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Nancy Olivieri

Honorary Doctorate


Nancy Olivieri

Dr. Nancy Olivieri is widely recognized as one of the pre-eminent crusaders for academic freedom in our times.

A respected medical researcher, Olivieri earned her credentials at McMaster University, the University of Toronto, and Harvard University. She has written over 150 peer-reviewed papers, articles, and book reviews. Her research has focused on the development of new therapies for patients with sickle cell disease and thalassemia, in conjunction with scientists from Europe, Asia, the United States, and Canada.

In 1996, Olivieri found that the drug she was researching at the Hospital for Sick Children in Toronto was showing unexpected potential risks to some patients in the trials. The drug company sponsoring her research abruptly terminated the trials and issued warnings of legal action against Olivieri should she inform her patients at the Hospital for Sick Children of the risks, or publish her findings.

Despite these warnings, Olivieri published her findings in the New England Journal of Medicine and was subsequently dismissed from her position as Director of the Hospital for Sick Children Program of Hemoglobinopathies. After more than seven years of legal battle, an independent committee of inquiry into the matter vindicated Olivieri and concluded that neither the university nor the hospital offered her appropriate support in her conflict with the drug company. Olivieri was reinstated to her position at the Hospital for Sick Children and her actions have also been vindicated by several other independent reports.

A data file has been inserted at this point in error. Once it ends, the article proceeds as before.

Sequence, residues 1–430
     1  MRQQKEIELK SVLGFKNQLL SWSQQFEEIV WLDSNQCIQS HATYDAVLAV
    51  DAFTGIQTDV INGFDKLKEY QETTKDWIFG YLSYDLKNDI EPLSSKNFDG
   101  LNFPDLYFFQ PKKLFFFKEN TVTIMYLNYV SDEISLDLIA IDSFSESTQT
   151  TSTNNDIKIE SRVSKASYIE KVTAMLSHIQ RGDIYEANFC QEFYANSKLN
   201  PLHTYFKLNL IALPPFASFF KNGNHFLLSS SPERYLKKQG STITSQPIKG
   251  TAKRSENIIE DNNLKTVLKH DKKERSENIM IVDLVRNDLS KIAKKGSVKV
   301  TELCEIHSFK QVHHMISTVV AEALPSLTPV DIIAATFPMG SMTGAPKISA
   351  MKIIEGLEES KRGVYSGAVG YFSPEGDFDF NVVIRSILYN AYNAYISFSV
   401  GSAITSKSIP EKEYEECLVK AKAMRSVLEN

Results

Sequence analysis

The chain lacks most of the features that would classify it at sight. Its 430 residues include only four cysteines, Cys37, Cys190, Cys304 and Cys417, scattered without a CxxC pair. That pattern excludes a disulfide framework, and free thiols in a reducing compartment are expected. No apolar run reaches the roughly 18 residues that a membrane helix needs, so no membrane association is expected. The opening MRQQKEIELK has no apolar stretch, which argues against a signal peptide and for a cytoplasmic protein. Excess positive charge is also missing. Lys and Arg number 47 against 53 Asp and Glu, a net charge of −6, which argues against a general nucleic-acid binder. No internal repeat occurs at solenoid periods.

This experience has led Olivieri to international notoriety as a defender of research integrity, academic freedom, and as a critic of the increasing corporatization of universities. Her story illustrates the need for strong policies regarding industry-sponsored research within universities and supporting a researcher’s rights to autonomy.

Today, Olivieri serves as Senior Scientist, Division of Clinic Investigation & Human Physiology at Toronto General Research Institute; Director, Hemoglobinopathy Program, University Health Network; and, Professor of Pediatrics and Medicine, University of Toronto. She is also a founding member of Doctors for Research Integrity, an organization dedicated to scientific integrity and the protection of patients in clinical trials, and executive director of Hemoglobal, a registered charity providing care to patients with thalassemia in overseas countries. Olivieri and her colleagues have recently built a small hospital centre in Sri Lanka dedicated to the care of patients with thalassemia.

The University of Winnipeg is honoured to present Dr. Nancy Olivieri with an Honorary Doctor of Science for her personal integrity and courage of conviction—integral components of academia.